Rolling Out Cell Sorting with Microfluidics

Cell Sorting

Cells are quite valuable, especially when used for regenerative research, diagnostics or research. But harvested cells do not come presorted and need to be separated from a heterogeneous mixture of cells. There are already numerous methods to sort cells according to biophysical properties such as size, density, morphology, and dielectric or magnetic susceptibility. Cell sorting based on labels can have a higher specificity, but introduces extra steps to add and remove labels, which can affect the phenotype of the cell. Rohit Karnik of MIT has developed a cell sorting method based on cell rolling. The continuous, label-free process is described in “Cell sorting by deterministic rolling” in Lab on a Chip.

Cell Rolling

Target cells initiate cell rolling and enter the space between the ridges, which leads them to the gutter side. Non-target cells do not adhere or roll along the surface and maintain their original trajectories.

Target cells initiate cell rolling and enter the space between the ridges, which leads them to the gutter side. Non-target cells do not adhere or roll along the surface and maintain their original trajectories.

Cell rolling is a phenomenon where a cell is constantly forming and releasing adhesive bonds with a surface under fluid flow. The continuous creation and release of bonds by the cell induces rolling and is an integral role in the movement of lymphocytes, platelets, stem cells and metastatic cancer cells. To induce cell rolling, a surface needs to be coated with a ligand specific to the target cell type. The rolling target cells need to be focused, so slanted ridges are added to the bottom of the channel. When the target cell comes into contact with the surface of the coated ridges, it will begin to roll along it and eventually turn the corner into the space between ridges. By following the path of the direction of the ridges, the targeted cells will be focused on one side of the channel known as the gutter. The non-target cells should not adhere and roll along the ridges, allowing them to be spatially differentiated from the target cells. But the ridges actually serve an additional purpose: Acting as mixers, these ridges introduce circulation to the axial flow. This flow would normally be laminar, which would prevent the majority of cells from coming in contact with the surface of the channel and rolling.

Cell Rolling Testing & Optimization

HL60 (target) and K562 (non-target) cells enter through the same inlet. Due to the cell rolling sorting, the cells exit the two outlets highly organized.

HL60 (target) and K562 (non-target) cells enter through the same inlet. Due to the cell rolling sorting, the cells exit the two outlets highly organized.

Karnik validated this cell sorting method by processing the leukemia cell lines HL60 and K562. The surfaces were coated with P-selectin, which is a known ligand for the target HL60. HL60 and K562 were injected in a single inlet at a ratio of 2:3, respectively. Outlet A held 95.0 ± 2.8% HL60 cells, and outlet B had 94.3 ± 0.9% K562 cells. The cell sorting was extremely successful and 87.2 ± 3.7% and 76.7 ± 14.2% of the HL60 and K562 cells were recovered at the end of the process. Cell loss was most likely due to settling in the syringe at the inlet and cells remaining in the channel and dead volumes at the end of the process. Karnik also investigated the effect of the ligand concentration on cell sorting. Higher concentrations generated stronger cell-surface adhesion, but this came at the expense of cell rolling, so an operating point had to be determined for an ideal cell rolling concentration; at a flow rate of 70 µL/min, the channel was incubated with P-selectin concentration of 1.5 µg/mL.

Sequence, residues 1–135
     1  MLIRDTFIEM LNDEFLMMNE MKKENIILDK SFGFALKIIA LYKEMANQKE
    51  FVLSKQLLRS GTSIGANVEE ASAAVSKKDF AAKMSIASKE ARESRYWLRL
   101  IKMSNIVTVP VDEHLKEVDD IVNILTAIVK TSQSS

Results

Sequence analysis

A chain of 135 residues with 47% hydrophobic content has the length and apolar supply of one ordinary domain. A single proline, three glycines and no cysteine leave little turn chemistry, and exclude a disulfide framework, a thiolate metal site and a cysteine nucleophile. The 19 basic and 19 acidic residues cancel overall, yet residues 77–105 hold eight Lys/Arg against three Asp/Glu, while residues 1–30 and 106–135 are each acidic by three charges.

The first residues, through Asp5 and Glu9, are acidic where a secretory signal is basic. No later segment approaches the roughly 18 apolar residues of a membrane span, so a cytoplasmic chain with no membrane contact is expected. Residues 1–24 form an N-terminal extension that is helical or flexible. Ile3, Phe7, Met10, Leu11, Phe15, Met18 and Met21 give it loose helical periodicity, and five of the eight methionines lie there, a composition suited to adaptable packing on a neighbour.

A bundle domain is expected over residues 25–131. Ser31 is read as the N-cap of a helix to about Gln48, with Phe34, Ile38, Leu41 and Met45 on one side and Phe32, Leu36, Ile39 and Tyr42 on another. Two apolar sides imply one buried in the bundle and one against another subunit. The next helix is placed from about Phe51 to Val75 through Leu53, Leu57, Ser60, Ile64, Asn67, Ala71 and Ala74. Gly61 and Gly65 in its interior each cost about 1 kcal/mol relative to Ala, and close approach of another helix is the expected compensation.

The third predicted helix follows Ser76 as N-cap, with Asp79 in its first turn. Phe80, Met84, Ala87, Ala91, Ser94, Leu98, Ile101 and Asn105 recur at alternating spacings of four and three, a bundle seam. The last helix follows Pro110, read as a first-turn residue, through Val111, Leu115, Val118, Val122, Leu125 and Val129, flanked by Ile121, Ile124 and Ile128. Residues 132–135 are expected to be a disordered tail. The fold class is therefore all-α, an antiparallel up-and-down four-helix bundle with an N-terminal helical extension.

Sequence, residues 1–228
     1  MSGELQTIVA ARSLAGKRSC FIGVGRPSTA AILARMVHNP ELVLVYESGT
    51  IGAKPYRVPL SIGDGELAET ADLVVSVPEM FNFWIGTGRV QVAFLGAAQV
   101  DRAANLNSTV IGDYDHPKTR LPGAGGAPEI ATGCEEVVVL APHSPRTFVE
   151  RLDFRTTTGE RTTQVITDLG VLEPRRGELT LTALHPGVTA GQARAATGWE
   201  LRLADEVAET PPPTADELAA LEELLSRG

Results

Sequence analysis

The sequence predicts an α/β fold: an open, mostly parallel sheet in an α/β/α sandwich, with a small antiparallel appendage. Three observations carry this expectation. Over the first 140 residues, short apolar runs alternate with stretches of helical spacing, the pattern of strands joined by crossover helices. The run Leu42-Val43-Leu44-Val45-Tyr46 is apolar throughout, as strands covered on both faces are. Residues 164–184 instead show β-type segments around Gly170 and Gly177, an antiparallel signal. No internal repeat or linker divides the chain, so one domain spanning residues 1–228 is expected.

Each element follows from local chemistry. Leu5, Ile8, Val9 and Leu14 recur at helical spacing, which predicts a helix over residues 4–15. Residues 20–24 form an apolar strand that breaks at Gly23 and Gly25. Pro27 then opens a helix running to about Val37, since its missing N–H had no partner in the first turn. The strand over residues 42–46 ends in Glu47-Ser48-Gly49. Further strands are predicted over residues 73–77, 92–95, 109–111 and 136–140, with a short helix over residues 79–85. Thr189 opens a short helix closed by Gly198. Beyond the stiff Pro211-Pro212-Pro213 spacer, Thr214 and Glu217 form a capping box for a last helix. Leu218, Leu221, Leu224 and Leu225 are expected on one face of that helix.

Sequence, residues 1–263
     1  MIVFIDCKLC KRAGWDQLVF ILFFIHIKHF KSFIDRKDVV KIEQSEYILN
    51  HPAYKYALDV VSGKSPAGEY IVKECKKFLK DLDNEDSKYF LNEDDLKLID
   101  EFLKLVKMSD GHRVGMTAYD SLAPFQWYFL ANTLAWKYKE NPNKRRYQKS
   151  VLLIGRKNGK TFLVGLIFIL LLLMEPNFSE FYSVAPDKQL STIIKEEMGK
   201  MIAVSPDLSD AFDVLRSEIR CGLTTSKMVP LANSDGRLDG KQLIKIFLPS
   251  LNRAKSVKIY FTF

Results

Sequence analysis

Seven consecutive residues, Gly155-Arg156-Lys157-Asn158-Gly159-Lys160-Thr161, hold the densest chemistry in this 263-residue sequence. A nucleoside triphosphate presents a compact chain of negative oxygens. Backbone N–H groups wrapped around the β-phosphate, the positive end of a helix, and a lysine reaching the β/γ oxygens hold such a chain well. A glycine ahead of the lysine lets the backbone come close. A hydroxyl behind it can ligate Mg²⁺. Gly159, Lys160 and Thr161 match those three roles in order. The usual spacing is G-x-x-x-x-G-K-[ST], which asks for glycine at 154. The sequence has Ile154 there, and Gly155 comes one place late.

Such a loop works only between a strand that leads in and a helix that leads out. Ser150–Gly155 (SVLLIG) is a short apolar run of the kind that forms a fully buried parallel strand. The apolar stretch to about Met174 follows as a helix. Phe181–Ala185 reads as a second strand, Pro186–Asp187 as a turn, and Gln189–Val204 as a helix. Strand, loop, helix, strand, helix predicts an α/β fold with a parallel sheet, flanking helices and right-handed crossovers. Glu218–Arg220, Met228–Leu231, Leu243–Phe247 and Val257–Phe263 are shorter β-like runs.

Discussion

I really like this method of cell sorting because it is both passive and label-free. Although an extra section of channel must be added with coated ridges, no other major components are necessary. This method does not need any more equipment or chambers, making it simple to integrate into a project. With its small footprint, it can also be highly parallelized, negating the need for it to operate at high flow rates which could hinder cell rolling. This could either function as a standalone sorting device or integrated into a device processing a mixture of cells. Similar to other cell sorting procedures, widespread usage of this particular method is limited to availability of information: only cell lines for which we’ve characterized the rolling behavior for can be sorted this way.

Reference:

I really like this method of cell sorting because it is both passive and label-free. Although an extra section of channel must be added with coated ridges, no other major components are necessary. This method does not need any more equipment or chambers, making it simple to integrate into a project. With its small footprint, it can also be highly parallelized, negating the need for it to operate at high flow rates which could hinder cell rolling. This could either function as a standalone sorting device or integrated into a device processing a mixture of cells. Similar to other cell sorting procedures, widespread usage of this particular method is limited to availability of information: only cell lines for which we’ve characterized the rolling behavior for can be sorted this way.